The Peace of Christ (3:15)
One undeniable thing about the New Testament is its often brutal honesty. There is no whitewashing of human weakness or the hardships of life. The apostle Paul is especially open and forthright about the struggles of being a Christian as well as the realities of existence in the church. We are not yet perfect. Heaven is still to come.
Nowhere is this better seen than in Colossians 3. Paul recognizes that, notwithstanding the grace of conversion, Christians still fight against fleshly impulses to sexual immorality and impurity and anger and unforgiveness, just to mention a few. He knows that believers are capable of exasperating behavior and that sinning against one another (cf. 3:13) is a very real threat that must be addressed.
Disputes are inevitable. Schisms occur. Theological disagreements and relational friction are ever present. Threats to the unity and tranquility of church life are all too real. This is why Paul includes this crucial word of counsel on how to resolve such problems when they arise: “And let the peace of Christ rule in your hearts, to which indeed you were called in one body” (Colossians 3:15a).
The first order of business is determining what Paul means by “the peace of Christ.” He earlier stated that Christ made “peace by the blood of his cross” (Col. 1:20). That is to say, he removed the hostility of God toward sinners by absorbing it in himself on the tree. Thereby he established a relationship between God and the Christian of peace, tranquility, harmony, love, and fellowship.
Then there is the “peace” Jesus had in view in John 14:27 when he reassured his disciples with this promise: “Peace I leave with you; my peace I give to you.” This is a peace he both embodies and gives. It is the peace that characterizes Christ himself, a peace that he in turn graciously imparts to his people.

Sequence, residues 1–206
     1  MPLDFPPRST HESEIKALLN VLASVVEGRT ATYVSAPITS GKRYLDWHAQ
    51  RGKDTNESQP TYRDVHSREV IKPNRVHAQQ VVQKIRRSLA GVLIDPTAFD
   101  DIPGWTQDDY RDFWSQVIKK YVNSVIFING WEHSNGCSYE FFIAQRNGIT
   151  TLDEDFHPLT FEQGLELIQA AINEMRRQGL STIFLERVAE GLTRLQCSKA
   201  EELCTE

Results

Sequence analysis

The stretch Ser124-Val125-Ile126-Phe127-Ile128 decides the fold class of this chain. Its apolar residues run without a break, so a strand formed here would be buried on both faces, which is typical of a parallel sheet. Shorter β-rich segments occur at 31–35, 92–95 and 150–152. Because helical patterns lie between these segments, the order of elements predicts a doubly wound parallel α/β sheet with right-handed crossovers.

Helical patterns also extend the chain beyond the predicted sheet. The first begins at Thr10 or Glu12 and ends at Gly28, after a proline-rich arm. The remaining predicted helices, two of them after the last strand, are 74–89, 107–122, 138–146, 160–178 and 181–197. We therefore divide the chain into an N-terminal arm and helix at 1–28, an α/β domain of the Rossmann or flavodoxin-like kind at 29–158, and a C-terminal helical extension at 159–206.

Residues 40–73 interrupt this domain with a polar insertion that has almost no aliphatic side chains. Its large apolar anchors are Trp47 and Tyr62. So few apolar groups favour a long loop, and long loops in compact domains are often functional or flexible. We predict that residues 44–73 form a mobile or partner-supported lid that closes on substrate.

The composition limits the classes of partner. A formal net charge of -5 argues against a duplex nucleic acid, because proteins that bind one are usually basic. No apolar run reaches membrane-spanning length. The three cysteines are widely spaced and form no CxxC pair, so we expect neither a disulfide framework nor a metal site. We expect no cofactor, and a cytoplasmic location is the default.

Clearly, then, Paul is saying that in making decisions in the corporate assembly we must give consideration “in our hearts” to what will preserve and promote the peace that Christ died to achieve. It is in the realm of the “one body” (3:15b), the church, where this “peace of Christ” comes to effect and exercises its authority.
Although the “peace of Christ” in other contexts may well refer to the personal and individual experience of spiritual tranquility (cf. the “peace of God” in Phil. 4:7), I don’t think that is Paul’s primary concern here in Colossians 3. The context of this passage is the corporate body of Christ and relations among the many and varied members of the church. This is obvious from a careful reading of vv. 11, 12, 13, and 14 (note the emphasis in these verses on how we interact with others in the church).
This is reinforced, I believe, by the word Paul uses that is here translated “rule” (found only here in the NT). This word was used to describe the responsibility of an umpire in the athletic games who directed the competition and rendered decisions concerning the winners of each contest. He also awarded the competitors their prizes. It later came to have the more general meaning of to arbitrate, give a verdict, preside, rule, control, and hold sway.